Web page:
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Student Access & Accommodation

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Confidentiality

Student Access and Accommodation strives to protect the confidentiality of the students that we serve. All disability-related information including documentation, accommodation letters, correspondence, and consultations are considered confidential and are managed in accordance with the Family Education Rights and Privacy Act (FERPA) regulations and the guidelines set by the

FERPA allows university officials to have access to student education records in which they have a "legitimate educational interest." A university official has a legitimate educational interest if the official needs to review a student education record in order to fulfill his or her professional responsibility on behalf of the university. Typically, faculty and staff outside of the Student Access and Accommodation office do not need to know a student's diagnosis. University officials need to know that the Student Access and Accommodation office has verified the disability and the student's right to reasonable accommodations. Faculty and staff outside of the Student Access and Accommodation office do not have direct access to student files. 

Student Access and Accommodation offers the following guidelines for faculty, staff and administrators to ensure that confidential student information is kept secure:

  • All information that a student shares with a faculty member is to be used specifically for arranging reasonable accommodations for the course of study.
  • Do not leave student disability information visible on your computer or in any printed format that others can see.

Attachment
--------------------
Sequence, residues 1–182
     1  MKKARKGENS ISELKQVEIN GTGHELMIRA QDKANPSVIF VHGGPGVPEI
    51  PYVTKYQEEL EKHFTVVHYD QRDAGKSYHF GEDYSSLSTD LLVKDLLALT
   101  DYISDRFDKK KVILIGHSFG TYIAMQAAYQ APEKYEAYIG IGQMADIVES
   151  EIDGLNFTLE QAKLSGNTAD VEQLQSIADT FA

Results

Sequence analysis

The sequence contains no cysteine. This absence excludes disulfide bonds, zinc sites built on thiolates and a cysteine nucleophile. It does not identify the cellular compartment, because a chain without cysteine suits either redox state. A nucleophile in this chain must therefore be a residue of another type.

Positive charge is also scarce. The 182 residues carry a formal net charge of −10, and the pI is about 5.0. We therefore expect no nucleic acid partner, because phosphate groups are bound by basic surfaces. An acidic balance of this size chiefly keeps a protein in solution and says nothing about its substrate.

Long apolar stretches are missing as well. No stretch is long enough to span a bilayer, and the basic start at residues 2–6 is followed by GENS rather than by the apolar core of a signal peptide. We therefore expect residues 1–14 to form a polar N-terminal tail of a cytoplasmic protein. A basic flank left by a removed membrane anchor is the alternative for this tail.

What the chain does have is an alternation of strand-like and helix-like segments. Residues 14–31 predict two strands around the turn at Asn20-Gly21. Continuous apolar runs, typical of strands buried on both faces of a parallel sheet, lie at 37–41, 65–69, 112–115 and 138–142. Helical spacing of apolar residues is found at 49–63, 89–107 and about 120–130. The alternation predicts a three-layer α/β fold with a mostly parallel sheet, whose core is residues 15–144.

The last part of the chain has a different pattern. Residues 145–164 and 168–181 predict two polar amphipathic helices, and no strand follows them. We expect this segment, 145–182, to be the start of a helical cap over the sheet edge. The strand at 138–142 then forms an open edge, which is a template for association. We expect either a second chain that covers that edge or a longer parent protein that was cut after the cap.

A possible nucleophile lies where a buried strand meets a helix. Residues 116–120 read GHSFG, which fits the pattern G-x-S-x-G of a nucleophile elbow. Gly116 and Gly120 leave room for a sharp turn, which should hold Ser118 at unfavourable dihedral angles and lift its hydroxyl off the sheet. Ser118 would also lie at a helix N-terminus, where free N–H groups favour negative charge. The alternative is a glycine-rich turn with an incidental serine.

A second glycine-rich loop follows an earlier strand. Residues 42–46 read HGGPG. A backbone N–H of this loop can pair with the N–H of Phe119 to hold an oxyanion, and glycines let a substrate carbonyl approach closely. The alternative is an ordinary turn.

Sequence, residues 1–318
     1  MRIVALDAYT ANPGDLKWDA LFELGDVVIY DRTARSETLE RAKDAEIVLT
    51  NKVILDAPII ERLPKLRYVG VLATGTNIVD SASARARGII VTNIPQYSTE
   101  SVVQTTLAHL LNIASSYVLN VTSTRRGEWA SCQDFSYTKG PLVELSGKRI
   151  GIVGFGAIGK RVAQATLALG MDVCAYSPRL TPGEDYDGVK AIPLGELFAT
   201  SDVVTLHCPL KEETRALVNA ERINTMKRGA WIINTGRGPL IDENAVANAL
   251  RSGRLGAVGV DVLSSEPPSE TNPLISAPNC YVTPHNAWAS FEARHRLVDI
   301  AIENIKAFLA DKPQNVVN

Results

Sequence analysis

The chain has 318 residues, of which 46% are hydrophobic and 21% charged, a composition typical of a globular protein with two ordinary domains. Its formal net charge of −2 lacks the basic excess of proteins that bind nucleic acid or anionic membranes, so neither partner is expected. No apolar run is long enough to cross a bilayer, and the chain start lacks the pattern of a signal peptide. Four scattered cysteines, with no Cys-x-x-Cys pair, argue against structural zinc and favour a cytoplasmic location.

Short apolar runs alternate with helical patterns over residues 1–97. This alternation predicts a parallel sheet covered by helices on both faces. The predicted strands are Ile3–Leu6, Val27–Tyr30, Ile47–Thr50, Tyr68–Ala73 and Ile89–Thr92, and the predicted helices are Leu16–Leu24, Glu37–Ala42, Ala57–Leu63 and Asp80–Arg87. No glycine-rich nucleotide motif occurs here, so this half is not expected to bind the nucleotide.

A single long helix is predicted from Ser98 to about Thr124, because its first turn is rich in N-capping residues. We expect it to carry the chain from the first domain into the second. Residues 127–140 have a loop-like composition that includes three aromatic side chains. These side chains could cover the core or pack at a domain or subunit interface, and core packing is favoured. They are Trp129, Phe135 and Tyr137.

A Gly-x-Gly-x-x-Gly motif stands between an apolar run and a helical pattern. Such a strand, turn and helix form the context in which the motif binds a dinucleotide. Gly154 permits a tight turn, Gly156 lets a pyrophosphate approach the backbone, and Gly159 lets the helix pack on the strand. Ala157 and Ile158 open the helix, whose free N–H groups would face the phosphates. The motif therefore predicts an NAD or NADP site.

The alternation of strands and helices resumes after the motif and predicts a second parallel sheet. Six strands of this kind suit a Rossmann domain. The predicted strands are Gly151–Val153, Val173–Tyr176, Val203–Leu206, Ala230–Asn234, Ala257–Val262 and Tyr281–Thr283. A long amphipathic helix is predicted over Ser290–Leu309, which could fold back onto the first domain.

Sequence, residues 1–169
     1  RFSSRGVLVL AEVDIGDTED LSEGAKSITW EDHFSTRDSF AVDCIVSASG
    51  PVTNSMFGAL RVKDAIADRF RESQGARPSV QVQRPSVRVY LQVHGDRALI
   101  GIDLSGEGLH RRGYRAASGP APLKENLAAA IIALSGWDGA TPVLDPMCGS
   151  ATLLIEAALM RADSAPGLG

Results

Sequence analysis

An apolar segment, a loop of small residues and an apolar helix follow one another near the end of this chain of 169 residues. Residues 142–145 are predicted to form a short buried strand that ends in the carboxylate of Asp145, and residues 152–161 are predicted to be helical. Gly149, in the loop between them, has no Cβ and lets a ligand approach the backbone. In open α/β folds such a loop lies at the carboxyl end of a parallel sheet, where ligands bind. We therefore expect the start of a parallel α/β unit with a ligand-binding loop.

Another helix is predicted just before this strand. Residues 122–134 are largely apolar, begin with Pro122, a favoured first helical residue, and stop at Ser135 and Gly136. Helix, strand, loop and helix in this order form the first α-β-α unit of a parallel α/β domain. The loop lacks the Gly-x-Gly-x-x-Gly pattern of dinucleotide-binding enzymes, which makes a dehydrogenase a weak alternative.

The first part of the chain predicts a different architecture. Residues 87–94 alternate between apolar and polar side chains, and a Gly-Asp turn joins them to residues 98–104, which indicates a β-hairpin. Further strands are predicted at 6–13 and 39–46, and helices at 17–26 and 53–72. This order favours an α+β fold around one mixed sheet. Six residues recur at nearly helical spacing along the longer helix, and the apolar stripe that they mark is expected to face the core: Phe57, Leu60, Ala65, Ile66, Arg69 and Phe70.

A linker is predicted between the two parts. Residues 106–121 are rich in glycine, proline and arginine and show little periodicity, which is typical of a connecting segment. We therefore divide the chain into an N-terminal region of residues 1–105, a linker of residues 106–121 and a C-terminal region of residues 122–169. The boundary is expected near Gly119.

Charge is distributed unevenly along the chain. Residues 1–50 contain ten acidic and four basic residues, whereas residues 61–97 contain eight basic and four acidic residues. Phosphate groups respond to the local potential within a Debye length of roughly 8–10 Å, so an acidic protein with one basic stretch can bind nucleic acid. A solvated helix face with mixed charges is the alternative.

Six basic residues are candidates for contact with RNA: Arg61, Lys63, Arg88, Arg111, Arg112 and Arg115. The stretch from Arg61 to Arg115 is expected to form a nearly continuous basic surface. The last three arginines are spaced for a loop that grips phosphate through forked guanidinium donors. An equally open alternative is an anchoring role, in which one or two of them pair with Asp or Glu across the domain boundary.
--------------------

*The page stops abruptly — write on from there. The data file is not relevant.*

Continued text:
• Refrain from discussing a student's disability status and necessary accommodations within hearing range of fellow students, faculty, staff, or others who do not have an "educational need to know."
  • Do not assume that students registered with Student Access and Accommodation are aware of other students' disability status. Send separate emails to each student when arranging accommodations.
  • At no time should the class be informed that a student has a disability.
  • Discuss Faculty Notification of Accommodation and logistics of implementing accommodations with student in private. Make yourself available by email, during office hours, or by appointment to discuss.
  • Requesting specific information about a student's disability is inappropriate. The accommodation letter is all that is needed to justify the outlined accommodations.
  • If a student voluntarily discloses the nature of their disability to you, even if it is obvious, do not disclose it to others.
  • If a student tries to provide you with their disability related documentation, refuse to read or accept it and refer the student to the Student Access and Accommodation office. TCU has designated Student Access and Accommodation as the repository of all disability documentation for students with disabilities. 

(Guidelines adapted from UCSF Student Disability Services)